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So, till he went from London, which was in the beginning of April, 1 waited on him often. Asfoon as I heard how ill he was, and how much he was touched with a sense of his former life, I writ to him, and received from him an answer, that, without my knowledge, was printed fince his death, from a copy which one of his servants conveyed to the press. In it there is so undeserved a value put on me, that it had been very indecent for me to have published it: yet that must be attributed to his civility and way of breeding; and indeed he was particularly known to fó few of the clergy, that the good opinion he had of me is to be impured only to his unacquaintance with others.
My end in writing is fo to discharge the last com: mands this lord left on me, as that it may be effectual to awaken those who run on to all the excessesof riot; and that, in the midst of those heats which their lusts and paflions raise in them, they may be a little wrought on by so great an initance of one who had run round the whole circle of luxury; and, as Sólomon says of himself, IV:satsoever his eyes defored, he kept it not from them; and withheld his heart from no joy. Eat when he looked back on all that on which he had wasted his time and strength, he esteemed it vanity and vexation of spirit: though he.
had both as much natural wit, and as much acquired by learning, and both as much improved' with thinking and study, as perhaps any libertine of the age; yet, when he reflected on all his former courses, even before his mind was illuminated with better thoughts, he counted them madness and folly: But, when the powers of religion came to operate on him, then he added a detestation to the contempt he formerly had of them, suitable to what became a fincere penitent, and expressed himself in so clear and so calm a manner, fo sensible of his failings towards his Maker and Redeemer, that, as it wrought not a little on those that were about him, so, I hope, the making it public may have a more general influence, chiefly on those on whom his former conversation might have had ill effects.
I have endeavoured to give his character as fully as I could take it : for, I who saw him only in one light, in a fedate and quiet temper, when he was under a great decay of strength and loss of spirits, cannot give his picture with that life and advantage that others may who knew him when his parts were more bright and lively; yet the composure he was then in may perhaps be supposed to balance any abatement of his usual vigour, which the declination of his health brought him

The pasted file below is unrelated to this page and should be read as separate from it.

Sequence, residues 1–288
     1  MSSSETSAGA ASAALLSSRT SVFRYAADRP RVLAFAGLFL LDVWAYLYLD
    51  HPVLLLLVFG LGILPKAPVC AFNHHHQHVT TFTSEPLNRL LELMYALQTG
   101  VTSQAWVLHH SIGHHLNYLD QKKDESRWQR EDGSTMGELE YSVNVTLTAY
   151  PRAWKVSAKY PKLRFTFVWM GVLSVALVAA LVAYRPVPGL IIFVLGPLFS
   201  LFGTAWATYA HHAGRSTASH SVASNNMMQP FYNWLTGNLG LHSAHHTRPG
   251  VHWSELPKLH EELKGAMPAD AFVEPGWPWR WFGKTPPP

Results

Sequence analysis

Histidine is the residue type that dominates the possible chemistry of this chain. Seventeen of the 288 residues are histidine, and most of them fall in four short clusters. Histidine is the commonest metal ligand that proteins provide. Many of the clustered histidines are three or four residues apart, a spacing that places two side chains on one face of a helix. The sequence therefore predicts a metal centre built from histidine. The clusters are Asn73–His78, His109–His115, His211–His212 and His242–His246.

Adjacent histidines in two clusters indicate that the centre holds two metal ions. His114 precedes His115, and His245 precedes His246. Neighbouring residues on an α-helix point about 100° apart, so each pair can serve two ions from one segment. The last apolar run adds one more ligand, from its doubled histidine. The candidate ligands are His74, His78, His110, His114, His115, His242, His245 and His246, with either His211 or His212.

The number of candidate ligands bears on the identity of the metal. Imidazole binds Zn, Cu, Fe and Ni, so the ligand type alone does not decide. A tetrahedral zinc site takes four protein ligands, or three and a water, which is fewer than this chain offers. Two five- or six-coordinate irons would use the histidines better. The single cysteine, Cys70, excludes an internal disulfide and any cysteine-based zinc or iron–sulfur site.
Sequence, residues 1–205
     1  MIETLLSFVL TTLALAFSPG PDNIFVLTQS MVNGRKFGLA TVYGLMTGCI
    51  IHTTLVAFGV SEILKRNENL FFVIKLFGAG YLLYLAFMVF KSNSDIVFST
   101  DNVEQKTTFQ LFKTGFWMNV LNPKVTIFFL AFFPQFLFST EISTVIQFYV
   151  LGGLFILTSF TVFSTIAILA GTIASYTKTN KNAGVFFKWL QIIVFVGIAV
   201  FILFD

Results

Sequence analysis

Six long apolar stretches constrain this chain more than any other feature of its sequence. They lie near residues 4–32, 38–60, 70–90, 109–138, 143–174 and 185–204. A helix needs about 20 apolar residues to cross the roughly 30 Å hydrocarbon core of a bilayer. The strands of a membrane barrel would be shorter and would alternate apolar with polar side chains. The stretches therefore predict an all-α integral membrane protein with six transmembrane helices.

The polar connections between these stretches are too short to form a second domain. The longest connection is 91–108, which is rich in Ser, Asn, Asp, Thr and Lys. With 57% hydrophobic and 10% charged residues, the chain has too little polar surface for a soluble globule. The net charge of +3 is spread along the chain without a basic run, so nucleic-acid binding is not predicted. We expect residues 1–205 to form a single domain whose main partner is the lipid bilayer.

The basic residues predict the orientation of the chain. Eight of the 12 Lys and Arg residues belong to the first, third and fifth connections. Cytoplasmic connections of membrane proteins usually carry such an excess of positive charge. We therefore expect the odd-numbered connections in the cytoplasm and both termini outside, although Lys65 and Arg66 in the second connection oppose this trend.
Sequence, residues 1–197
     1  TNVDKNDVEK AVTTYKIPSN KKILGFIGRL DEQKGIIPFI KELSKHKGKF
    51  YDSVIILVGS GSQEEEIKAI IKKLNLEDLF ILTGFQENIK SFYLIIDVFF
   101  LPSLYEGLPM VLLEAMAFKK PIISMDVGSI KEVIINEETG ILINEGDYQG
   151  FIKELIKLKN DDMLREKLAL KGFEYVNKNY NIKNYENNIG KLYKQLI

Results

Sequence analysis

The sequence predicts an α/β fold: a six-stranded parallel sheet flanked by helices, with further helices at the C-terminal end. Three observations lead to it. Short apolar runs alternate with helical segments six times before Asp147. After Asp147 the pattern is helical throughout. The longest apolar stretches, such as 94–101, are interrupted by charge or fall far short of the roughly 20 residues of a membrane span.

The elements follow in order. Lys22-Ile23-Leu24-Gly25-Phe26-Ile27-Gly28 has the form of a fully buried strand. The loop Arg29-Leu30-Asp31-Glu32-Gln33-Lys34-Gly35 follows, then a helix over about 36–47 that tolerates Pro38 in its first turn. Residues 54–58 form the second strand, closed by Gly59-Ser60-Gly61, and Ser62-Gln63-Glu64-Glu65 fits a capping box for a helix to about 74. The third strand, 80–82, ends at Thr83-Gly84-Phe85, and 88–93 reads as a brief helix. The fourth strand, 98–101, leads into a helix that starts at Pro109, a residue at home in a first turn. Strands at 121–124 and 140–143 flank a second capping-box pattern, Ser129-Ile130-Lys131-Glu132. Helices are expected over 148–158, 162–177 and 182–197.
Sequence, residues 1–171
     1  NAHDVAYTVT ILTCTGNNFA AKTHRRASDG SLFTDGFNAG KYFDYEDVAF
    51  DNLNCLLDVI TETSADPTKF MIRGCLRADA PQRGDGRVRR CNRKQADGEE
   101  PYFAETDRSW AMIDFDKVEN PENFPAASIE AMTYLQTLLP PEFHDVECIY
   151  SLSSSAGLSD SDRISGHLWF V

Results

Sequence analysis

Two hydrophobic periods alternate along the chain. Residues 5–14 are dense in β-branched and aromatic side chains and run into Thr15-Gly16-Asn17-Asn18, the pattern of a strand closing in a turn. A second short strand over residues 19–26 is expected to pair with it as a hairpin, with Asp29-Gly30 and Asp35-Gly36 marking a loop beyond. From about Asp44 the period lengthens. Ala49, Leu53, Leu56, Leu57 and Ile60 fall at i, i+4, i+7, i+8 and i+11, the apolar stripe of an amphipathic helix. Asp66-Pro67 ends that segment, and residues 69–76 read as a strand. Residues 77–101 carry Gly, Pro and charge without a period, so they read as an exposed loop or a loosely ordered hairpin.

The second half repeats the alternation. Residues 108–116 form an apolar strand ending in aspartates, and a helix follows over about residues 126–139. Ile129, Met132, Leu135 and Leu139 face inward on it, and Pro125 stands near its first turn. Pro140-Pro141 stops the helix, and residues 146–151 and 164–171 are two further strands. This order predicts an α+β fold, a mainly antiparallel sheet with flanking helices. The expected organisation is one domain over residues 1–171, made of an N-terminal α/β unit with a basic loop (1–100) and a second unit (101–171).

under. I have written this discourse with as much care, and have considered it as narrowly as I could. I am sure I have said nothing but truth.; I have done it slowly, and often used my second thoughts in it, not being fo much concerned in the censures which might fall. on myself, as cautious that nothing should pass that might obstruct my only design of writing, which is the doing what I can towards the reforming a loose and lewd age. And if such a signal instance, concurring with all the evidence that we have for our most holy faith, has no effect on those who are running the same course, it is much to be feared they are given up to a reprobaie sense.
OHN WILMOT, earl of Rochester, was
born in April, Anno Dom. 1648. His fa. ther was Henry earl of Rochester, but , best known by the title of the lord Wilmot, who bore so great a part in all the late wars, that mention is often made of him in the history, and had the chief share in the honour of the preservation of his majesty after Worcester fight, and the conveying him from place to place till he happily escaped into France : but, dying before the king's return, he left his son little other inheritance but the honour and title derived to him, with the pretensions such eminent servi. ces gave him to the king's favour: these were care
fully managed by the great prudence and discretion of his mother, a daughter of that noble and ancient family of the St. Johns, of Wiltshire; fo that his education was carried on in all things suitably to his quality.
When he was at school, he was an extraordinary proficient at his book; and those shining parts, which since have appeared with so much luftre, began then to few themselves. He acquired the Latin to such perfection, that to his dying day he retained a great relish of the fineness and beauty of that tongue, and was exactly versed in the incomparable authors that wrote about Augustus's time, whom he read often with that peculiar delight which the greatest wits have ever found in those studies,
When he went to the university, the general joy which overran the whole nation upon his majesty's restoration, but was not regulated with that fobriety and temperance that became a serious gratitude to God for fo great a blefling, produced some of its ill: effects upon him : he began to love these disorders. too much. His tutor was that eminent and pious die vine, Dr. Blandford, afterwards promoted to the fees of Oxford and Worcester; and, under his inspection, he was committed to the more immediate care of Mr. Phineas Berry, a fellow of Wadhamcollege, a very learned and good-natured man, whom he afterwards ever used with much respect,